Foundation’s Settlement Q & A:
Updated: Sep 21
Frequently Asked Questions about Foundation Settlement:
Q: Is foundation settlement repair a DIY (Do It Yourself) project? Can I hire a handyman for the job?
A: I often receive these questions from my clients, and the quick answers are both "No." Foundation problems, including settlement, should always be addressed by a professional with the necessary expertise. My recommendation is to hire an unbiased and impartial professional to assess and provide their evaluation and opinion. It's best to avoid salespeople who might push their company's services or products. Each situation is unique, and some issues may require addressing the root cause, while others may involve stabilizing the foundation after correcting the underlying problem.
Q: What is the primary cause of foundation settlement?
A: Foundation settlement can be attributed to several factors, with changes in soil moisture content being a major contributor. Let's explore this further:
Drying: Soils tend to shrink during dry periods, especially in regions with excessive vegetation around foundation walls or where trees draw significant amounts of water from the soil. As the soil dries out, it develops voids (air gaps) that can collapse. When the soil beneath your foundation walls becomes excessively dry, settling occurs, leading to foundation settlement.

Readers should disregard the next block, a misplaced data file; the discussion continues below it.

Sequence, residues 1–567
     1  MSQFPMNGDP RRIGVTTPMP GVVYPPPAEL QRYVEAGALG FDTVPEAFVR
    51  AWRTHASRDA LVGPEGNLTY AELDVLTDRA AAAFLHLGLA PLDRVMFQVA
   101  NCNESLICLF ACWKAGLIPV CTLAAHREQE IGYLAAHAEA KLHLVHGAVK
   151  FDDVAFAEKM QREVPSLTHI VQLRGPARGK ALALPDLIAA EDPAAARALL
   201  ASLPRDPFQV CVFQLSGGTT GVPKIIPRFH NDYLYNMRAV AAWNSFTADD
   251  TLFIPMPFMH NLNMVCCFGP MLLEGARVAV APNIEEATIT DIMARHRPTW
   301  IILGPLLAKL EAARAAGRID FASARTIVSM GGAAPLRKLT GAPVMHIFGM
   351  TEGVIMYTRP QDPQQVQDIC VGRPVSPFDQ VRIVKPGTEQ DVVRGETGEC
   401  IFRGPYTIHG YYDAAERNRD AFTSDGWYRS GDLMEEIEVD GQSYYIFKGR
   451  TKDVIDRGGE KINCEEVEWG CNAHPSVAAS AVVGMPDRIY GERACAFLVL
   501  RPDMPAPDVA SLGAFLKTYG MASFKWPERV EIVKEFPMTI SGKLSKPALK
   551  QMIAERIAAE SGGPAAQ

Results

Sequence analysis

Wetting: This occurs during heavy rainstorms or flooding when the soil beneath your foundation becomes oversaturated, particularly with clay-type soils. Poor drainage can exacerbate the issue, preventing water from draining away from the foundation.
Plumbing Leaks: Leaks in water or wastewater pipes due to factors like broken pipes or root intrusion can saturate the soil around your foundation, contributing to settlement.
Voids in Fill Soil: Often, builders disturb the soil when grading the ground before constructing a foundation. Loose fill soil is commonly used and may not achieve the same density as the original soil. Without proper compaction, voids remain in the fill soil, leading to future settlement and affecting the foundation.
Differential Settlement: This form of settlement occurs when one side of the house settles more than others due to localized issues. Factors like the presence of a large tree near one corner, a broken downspout drainpipe, a water leak, or negative grading can significantly impact the soil, leading to differential settlement.
These are some of the major factors contributing to foundation settlement. While we've covered several key elements, it's important to note that addressing every condition is beyond the scope of this educational blog.
If you have questions or concerns about your foundation, please feel free to reach out to us at firstname.lastname@example.org. We're here to help.
Picture shows both signs of a bow and settlement
Written by Firas Abdelahad, P.E.
Firas Abdelahad has been a practicing structural engineer since 2005, collaborating with a diverse range of professionals, including consultants, architects, investors, homeowners, contractors, and subcontractors. Together, they tackle the various challenges that can arise during the design and construction phases of projects.